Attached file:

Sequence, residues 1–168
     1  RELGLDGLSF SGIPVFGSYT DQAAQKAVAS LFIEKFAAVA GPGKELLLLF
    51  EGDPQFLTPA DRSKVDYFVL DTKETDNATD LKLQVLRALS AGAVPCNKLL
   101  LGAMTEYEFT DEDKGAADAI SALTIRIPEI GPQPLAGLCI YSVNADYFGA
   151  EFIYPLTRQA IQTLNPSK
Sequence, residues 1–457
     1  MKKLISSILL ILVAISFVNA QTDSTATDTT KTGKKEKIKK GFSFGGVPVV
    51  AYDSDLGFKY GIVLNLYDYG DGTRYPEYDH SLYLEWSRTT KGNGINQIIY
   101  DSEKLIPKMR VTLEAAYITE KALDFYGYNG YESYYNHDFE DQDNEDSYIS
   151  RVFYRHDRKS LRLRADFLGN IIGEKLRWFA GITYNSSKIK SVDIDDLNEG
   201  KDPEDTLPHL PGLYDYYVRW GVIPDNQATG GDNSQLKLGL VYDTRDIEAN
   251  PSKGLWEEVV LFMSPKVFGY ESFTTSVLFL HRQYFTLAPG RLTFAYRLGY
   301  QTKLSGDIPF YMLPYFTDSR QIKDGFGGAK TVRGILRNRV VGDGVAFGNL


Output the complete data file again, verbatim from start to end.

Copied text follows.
Sequence, residues 1–168
     1  RELGLDGLSF SGIPVFGSYT DQAAQKAVAS LFIEKFAAVA GPGKELLLLF
    51  EGDPQFLTPA DRSKVDYFVL DTKETDNATD LKLQVLRALS AGAVPCNKLL
   101  LGAMTEYEFT DEDKGAADAI SALTIRIPEI GPQPLAGLCI YSVNADYFGA
   151  EFIYPLTRQA IQTLNPSK
Sequence, residues 1–457
     1  MKKLISSILL ILVAISFVNA QTDSTATDTT KTGKKEKIKK GFSFGGVPVV
    51  AYDSDLGFKY GIVLNLYDYG DGTRYPEYDH SLYLEWSRTT KGNGINQIIY
   101  DSEKLIPKMR VTLEAAYITE KALDFYGYNG YESYYNHDFE DQDNEDSYIS
   151  RVFYRHDRKS LRLRADFLGN IIGEKLRWFA GITYNSSKIK SVDIDDLNEG
   201  KDPEDTLPHL PGLYDYYVRW GVIPDNQATG GDNSQLKLGL VYDTRDIEAN
   251  PSKGLWEEVV LFMSPKVFGY ESFTTSVLFL HRQYFTLAPG RLTFAYRLGY
   301  QTKLSGDIPF YMLPYFTDSR QIKDGFGGAK TVRGILRNRV VGDGVAFGNL